Author Xochitl Gonzalez will be at the National Book Festival on Sept. 3, talking about her celebrated debut novel, “Olga Dies Dreaming.” A smart romantic comedy about an upscale wedding planner and her congressman brother, New Yorkers of Puerto Rican descent, who
Leslie Jordan, the Emmy Award winning comic actor turned Instagram star turned author, brings his “How Y’all Doing?” to the National Book Festival. His short video riffs on being short, Southern and gay have charmed millions of viewers since he started posting them during the COVID-19 pandemic. The 67-year-old has more than 100 film and television credits, including turns on hit series such as “Will and Grace” and “American Horror Story.” He’s currently starring in “Call Me Kat” with Mayim Bialik.
Mitch Albom, the sportswriter and novelist, sits down at the National Book Festival to talk about the 25th anniversary of “Tuesdays with Morrie,” his 1997 memoir that has sold more than 17 million copies, been turned into a movie and a stage play and been published in more than 45 countries. Albom has gone on to write a string of No. 1 bestselling novels, each drawing on religious faith and inspiration. His latest, “The Stranger in the Lifeboat,” was published late last year.
Among the oddest items in the Llibrary of Congress is a slice of cake from the glamorous wedding of General Tom Thumb (Charles Stratton) and Lavinia Warren, at New York’s Metropolitan Hotel in 1863. The wedding was the social event of the season, with thousands in attendance. Stratton was, at the time, a major star for promotor P.T. Barnum, drawing on his dimunitive height of 35 inches as an attraction. The Library still has the the slice of cake, now nearly 160 years old.
One of the Library’s most unusual holdings is hair — lots of it. The Library has locks and tresses and strands from people in the arts such as Ludwig van Beethoven, Walt Whitman and Edna St. Vincent Millay; presidents George Washington, Thomas Jefferson, John Quincy Adams, James Madison and Ulysses S. Grant; and any number of famous women, including Lucy Webb Hayes (first lady and spouse of President Rutherford B. Hayes); Confederate spy Antonia Ford Willard; Clare Boothe Luce and unidentified hair from Clara Barton’s diary. Nearly all of the hair stems from the 18th and 19th centuries, in the era before photographs were common and lockets of hair were seen as tokens that could be anything from romantic to momentous.
Lamont Dozier, one third of Motown’s key hit-writing team, Holland-Dozier-Holland, has died at 81. It’s difficult to imagine the soundtrack of the 1960s without him. I chatted with him earlier this year, when the trio’s “Reach Out I’ll Be There,” was inducted into the 2022 class of the National Recording Registry. Here’s the story […]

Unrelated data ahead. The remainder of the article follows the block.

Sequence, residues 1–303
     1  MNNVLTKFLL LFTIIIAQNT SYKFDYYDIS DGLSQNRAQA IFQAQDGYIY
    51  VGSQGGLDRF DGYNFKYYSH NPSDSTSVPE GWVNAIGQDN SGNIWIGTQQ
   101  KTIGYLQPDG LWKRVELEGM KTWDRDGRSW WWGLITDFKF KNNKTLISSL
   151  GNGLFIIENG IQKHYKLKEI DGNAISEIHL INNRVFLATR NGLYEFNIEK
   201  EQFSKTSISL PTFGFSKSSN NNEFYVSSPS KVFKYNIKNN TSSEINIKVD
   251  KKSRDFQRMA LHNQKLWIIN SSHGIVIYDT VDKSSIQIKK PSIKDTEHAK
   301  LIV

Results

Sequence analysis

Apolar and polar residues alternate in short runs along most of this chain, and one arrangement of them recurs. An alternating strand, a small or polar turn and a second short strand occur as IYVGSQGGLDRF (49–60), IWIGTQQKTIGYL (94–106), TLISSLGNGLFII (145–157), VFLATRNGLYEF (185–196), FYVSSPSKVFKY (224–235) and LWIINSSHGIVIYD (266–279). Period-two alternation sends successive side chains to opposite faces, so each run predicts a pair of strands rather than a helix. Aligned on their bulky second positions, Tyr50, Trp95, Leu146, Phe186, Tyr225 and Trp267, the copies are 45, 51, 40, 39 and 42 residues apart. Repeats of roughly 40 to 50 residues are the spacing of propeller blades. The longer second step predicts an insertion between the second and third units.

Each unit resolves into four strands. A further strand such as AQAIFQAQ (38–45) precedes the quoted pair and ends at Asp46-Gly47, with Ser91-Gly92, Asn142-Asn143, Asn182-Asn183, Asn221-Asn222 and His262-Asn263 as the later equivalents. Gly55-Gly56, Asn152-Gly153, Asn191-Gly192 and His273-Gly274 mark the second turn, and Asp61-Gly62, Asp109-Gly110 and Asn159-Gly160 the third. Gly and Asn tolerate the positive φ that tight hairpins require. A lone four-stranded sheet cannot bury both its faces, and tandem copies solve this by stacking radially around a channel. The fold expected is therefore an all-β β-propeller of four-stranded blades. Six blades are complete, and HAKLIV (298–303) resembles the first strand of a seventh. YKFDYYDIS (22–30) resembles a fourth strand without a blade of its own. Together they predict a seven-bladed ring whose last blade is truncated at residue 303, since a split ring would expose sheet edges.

David McCullough, one of the nation’s most decorated historians and authors, died today at the age of 89. A writer who valued deep research and lively narratives, he was a good friend of American readers and a good friend of the Library and its patrons.
Writer, scholar and activist W.E.B. Du Bois recognized the need for young African Americans to see themselves and their concerns reflected in print. The Brownies’ Book, a monthly magazine for the “Children of the Sun … designed for all children, but especially for ours,” was his response. Du Bois aimed to instill and reinforce pride in Black youth and to help Black families as they raised children in a segregated and prejudiced world. The Library has digitical copies of each magazine online.
Bill Russell, the legendary basketball player and civil rights stalwart who died Sunday at the age of 88, filmed an unforgettable conversation for the Civil Rights History Project, an oral history production by the Library and the Smithsonian Museum of African American History, in 2013. It’s three hours and was conducted by Pulitzer Prize-winning historian Taylor Branch. What comes through strongest is the rock-solid voice of Bill Russell, American icon, who learned from his grandfather to “don’t take nothing from nobody.”
Rachel Wetzel works in the Library’s conservation lab, where she treats, assesses and preserves photos from across the Library, many of which are more than a century old. Many of these are torn, degraded, broken or otherwise damaged. They’re printed on a varity of surfaces with different chemical compositions. It’s a delicate job, as she often works on prints from the earliest days of photography.